Aber died in 1993 at the age of 65 in Garfield Heights, Ohio.

Bob Boone

Robert Raymond Boone (born November 19, 1947) is an American former catcher and manager in Major League Baseball (MLB) who was a four-time All-Star. Born in San Diego, California, Bob Boone is the son of a Major League player, the late third baseman Ray Boone, and he is the father of two Major Leaguers: former second baseman Bret Boone and former utility infielder Aaron Boone. All four family members were named All-Stars during their careers.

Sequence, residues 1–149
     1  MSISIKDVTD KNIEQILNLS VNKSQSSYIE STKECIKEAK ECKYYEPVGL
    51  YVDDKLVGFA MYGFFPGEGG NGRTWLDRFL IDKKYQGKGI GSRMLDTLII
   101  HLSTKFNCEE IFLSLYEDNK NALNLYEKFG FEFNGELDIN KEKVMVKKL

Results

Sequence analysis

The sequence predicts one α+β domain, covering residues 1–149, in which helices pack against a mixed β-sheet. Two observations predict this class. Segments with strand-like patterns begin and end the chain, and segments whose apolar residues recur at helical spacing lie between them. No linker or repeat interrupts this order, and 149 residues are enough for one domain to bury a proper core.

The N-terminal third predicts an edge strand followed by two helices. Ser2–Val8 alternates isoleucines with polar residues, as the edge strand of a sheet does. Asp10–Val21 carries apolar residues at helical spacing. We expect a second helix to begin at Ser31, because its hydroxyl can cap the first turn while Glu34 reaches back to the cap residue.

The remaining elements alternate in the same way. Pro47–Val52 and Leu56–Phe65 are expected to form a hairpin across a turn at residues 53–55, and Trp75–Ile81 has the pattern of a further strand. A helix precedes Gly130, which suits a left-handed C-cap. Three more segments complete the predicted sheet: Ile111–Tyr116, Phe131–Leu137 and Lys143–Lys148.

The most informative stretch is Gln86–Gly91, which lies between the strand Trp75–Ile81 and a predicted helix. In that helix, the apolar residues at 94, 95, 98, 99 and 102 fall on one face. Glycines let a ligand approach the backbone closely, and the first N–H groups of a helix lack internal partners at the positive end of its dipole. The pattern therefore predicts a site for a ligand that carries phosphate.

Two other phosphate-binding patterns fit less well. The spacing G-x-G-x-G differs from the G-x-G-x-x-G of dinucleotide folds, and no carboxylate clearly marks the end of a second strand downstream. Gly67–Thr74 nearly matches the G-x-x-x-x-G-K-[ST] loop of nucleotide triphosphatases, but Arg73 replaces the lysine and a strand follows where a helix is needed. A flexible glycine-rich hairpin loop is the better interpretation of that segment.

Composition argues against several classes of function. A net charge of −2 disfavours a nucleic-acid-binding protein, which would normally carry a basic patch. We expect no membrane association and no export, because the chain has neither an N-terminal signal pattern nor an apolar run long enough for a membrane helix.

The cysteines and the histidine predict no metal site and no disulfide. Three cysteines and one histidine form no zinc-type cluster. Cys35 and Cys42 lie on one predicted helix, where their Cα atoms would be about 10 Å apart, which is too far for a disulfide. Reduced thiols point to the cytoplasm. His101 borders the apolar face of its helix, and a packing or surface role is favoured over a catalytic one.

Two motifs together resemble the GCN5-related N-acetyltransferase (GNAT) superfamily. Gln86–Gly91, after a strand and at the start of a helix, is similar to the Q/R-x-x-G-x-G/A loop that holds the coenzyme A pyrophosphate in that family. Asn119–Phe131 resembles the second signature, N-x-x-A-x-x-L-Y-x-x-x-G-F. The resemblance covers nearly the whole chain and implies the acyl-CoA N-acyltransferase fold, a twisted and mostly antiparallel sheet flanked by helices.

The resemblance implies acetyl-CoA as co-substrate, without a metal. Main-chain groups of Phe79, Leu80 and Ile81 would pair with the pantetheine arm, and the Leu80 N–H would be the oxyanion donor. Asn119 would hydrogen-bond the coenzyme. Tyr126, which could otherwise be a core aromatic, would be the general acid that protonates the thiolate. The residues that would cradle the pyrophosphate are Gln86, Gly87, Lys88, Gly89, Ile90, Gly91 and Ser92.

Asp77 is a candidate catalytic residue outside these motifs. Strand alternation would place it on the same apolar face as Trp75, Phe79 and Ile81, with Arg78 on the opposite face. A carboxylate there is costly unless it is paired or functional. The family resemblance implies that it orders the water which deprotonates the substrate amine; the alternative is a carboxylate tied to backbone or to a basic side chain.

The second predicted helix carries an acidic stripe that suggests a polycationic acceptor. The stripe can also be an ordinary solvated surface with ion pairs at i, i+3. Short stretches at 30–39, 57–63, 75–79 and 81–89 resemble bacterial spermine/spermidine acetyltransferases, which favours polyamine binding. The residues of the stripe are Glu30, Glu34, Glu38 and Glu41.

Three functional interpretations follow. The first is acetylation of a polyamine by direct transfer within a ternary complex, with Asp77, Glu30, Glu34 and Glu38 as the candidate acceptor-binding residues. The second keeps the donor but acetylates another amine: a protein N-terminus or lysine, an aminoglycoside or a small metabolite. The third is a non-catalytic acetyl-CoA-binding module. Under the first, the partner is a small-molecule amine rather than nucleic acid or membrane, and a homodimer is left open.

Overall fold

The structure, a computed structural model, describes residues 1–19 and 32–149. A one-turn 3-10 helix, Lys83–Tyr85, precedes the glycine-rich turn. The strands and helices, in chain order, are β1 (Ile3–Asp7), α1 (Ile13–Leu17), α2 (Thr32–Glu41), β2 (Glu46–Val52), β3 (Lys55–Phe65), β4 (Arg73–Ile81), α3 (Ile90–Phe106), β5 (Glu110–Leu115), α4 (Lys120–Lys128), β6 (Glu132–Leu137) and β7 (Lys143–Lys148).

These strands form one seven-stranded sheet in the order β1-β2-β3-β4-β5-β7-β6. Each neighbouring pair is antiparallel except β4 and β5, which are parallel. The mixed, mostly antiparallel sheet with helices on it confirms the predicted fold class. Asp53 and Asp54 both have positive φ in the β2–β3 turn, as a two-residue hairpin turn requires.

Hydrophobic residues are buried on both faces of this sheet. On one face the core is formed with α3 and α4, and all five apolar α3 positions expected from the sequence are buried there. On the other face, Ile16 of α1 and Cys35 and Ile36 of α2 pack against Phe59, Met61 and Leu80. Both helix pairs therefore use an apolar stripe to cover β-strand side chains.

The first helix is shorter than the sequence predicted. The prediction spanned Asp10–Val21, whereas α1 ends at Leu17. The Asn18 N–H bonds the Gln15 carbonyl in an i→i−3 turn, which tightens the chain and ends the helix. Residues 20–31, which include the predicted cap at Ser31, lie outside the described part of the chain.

Carolyn Mahoney

Carolyn Ray Boone Mahoney (born 1946) is an American mathematician who served as president of Lincoln University of Missouri. Her research interests include combinatorics, graph theory, and matroids.

John Baumgartner

John Edward Baumgartner (born May 29, 1931) is an American former professional baseball player.

He appeared in seven Major League games as a member of the 1953 Detroit Tigers and played six seasons (1950–1955) in minor league baseball. While he played third base exclusively in MLB, he also was an outfielder and first baseman in the minor leagues. Baumgartner threw and batted right-handed, stood 6 feet 1 inch (1.85 m) tall and weighed 190 pounds (86 kg).